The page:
dr. elsewhere here
Just a thought on this distressing anniversary (at least to us, if not to King George, the sports fan
Let’s stop dignifying this messo’potamia in Iraq by calling it a war. What has happened in Iraq is NOT a “war,” it was never a “war,” and the only real “war” that could ever come of our presence there is a civil war that no one in this administration can admit, and that we should not be party to in any way, shape or form. Certainly not now, after all.
Instead, let’s loudly insist that this very undignified mess be called what it is, an invasion of a sovereign nation that has led to our occupation of that nation.
We invaded Iraq, and we now occupy Iraq. This is not a war, it is an invasion and occupation.
The only folks involved who have any right to refer to our presence in Iraq as a war are the Iraqis themselves. We forfeited that right when we determined to be the aggressors, raising our bomb-filled fists and screeching “THIS MEANS WAR!!” without any real provocation whatsoever articulated or proven in that “this.”
The implications of such a shift in wording are enormous for not only how the public responds to the situation (as if the public could be much more outraged if we called it genocide of Americans), but for how the debate is actually undertaken, particularly in Congress.
If Democrats insist on using the term occupation, then consider how difficult it will be for Republicans to address things like troop “surges” (what happened to escalation, anyhow?), Iraqis “standing up,” funding the troops (for an occupation following invasion?), and “success.” Many of the positions taken by the Republicans are instantly exposed for the ridiculous sham that they are, their insistence on “victory” and “winning” while avoiding “defeat” at all costs.
At all costs, indeed. Would you care to unpack the meaning of that phrase for us, Senators McCain and Lieberman, in real numbers, in real human numbers? And how about you, Blue Dog Dems
? And those of you, Red and Blue, who cower in the face of AIPAC
And speaking of anyhows, just what would it mean to win, anyhow? What would success or even victory even look like in this case? Would those flowers and chocolates and welcome greetings suddenly appear? Would the "insurgents" just lay down their weapons and wrap their arms around all our soldiers in one huge group hug? Would all the corruption vanish and all the criminals become Boy Scouts overnight, there and here? Would all the oil under their land be happily given over to our lusty consumerism? And would all that consumerism be miraculously translated into a saved planet?
Whose victory? Whose success? Who are the winners?
And, conversely, just how different would defeat look from where we are now? And who are the losers?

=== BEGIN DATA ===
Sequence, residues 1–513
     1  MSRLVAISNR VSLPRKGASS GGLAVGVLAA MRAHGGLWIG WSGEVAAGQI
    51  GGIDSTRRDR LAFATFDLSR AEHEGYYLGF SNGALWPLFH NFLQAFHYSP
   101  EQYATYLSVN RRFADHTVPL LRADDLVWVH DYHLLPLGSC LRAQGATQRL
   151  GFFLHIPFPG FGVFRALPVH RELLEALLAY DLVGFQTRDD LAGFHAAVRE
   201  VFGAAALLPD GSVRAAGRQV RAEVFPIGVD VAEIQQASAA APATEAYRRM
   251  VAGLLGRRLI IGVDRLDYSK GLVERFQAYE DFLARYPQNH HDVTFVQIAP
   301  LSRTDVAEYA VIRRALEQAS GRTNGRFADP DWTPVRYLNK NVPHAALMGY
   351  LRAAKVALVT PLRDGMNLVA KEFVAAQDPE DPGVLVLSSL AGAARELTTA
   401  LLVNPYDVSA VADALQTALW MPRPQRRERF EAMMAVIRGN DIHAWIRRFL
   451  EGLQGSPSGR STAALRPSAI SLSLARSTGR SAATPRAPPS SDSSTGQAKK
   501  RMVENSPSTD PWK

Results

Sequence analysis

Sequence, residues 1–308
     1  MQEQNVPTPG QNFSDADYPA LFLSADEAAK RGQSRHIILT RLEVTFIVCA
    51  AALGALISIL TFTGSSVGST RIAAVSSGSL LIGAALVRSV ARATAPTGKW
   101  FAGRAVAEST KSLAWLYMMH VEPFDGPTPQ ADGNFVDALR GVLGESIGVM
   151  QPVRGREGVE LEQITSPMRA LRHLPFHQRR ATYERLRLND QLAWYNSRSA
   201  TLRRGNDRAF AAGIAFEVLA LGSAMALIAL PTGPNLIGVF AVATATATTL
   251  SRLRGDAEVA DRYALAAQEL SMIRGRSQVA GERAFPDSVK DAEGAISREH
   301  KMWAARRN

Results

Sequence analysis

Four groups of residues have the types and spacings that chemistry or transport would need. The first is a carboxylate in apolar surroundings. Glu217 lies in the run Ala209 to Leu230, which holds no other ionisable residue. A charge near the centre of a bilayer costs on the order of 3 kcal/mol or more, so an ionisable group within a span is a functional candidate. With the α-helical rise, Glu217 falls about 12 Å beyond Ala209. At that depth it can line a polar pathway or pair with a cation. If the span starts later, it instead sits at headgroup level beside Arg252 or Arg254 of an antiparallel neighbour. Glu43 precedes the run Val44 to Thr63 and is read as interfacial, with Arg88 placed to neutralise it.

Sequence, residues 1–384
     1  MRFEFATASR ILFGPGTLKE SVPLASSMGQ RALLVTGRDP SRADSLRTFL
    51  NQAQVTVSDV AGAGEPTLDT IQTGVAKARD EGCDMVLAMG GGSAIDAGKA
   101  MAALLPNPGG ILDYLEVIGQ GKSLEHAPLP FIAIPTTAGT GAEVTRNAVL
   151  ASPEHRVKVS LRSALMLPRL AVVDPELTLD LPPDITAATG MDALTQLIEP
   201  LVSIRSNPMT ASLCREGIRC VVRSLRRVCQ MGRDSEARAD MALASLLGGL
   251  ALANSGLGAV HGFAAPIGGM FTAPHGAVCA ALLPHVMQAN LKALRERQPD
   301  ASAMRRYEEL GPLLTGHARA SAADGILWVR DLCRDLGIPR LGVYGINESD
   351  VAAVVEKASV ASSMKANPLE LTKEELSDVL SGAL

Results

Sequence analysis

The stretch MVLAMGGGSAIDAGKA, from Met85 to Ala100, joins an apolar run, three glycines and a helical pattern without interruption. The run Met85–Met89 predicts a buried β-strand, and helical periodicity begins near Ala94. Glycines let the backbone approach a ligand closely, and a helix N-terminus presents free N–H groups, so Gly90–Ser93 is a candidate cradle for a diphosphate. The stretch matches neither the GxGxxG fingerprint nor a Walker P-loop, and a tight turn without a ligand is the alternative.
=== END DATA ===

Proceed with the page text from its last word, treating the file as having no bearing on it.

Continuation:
And why is is the press not asking these questions? There is so much talk about “winning” and “success” (though Bush did avoid the word “victory” in his breathtakingly brief speechlet today), but few politicians or pundits want to speak in other than abstract terms, because then they would be required to define these abstract terms, and their air-thin argument would be instantly as lost as the pseudo-war itself. I suppose such questioning would just be too stressful for our conscience-challenged press, though, wouldn't it? Those shiny new press room seats and all those cocktail weenies.
It might take a conscience, but it doesn’t take that many neurons to recognize that there is no winning
this occupation, and there is certainly no winning this war, whether in Iraq or on terror. Any sophomore’s knowledge of Viet Nam (are students even taught about Nam??) will recognize this scenario has defeat written all over it. Why are none of the media whores obsessing over this question? Please, ‘splain it to us, Mr. Politician; just how many more lives must be destroyed – American and Iraqi, there and here – before we “win” in this “occupation?”
And while we’re on the subject, we also need to stop talking about “insurgents.” These people are, by definition, resistance fighters
. Insurgents are, by definition, individuals who fight against an established government; there is no established government in Iraq, not one that the citizens fully recognize as independent of the US. On the other hand, a resistance is, by definition, a fight against an occupying force. This is no less trivial distinction, and it is also not unrelated to making the distinction between calling this a war or calling this what it truly is, an invasion and occupation.
And finally, still on this general topic, when will we get to the point where we return to calling torture torture
? Not “major organ failure
” or “interrogation” or public relations for a failed policy
, but torture. As if that were even debatable. Or even remembered.
Words; they matter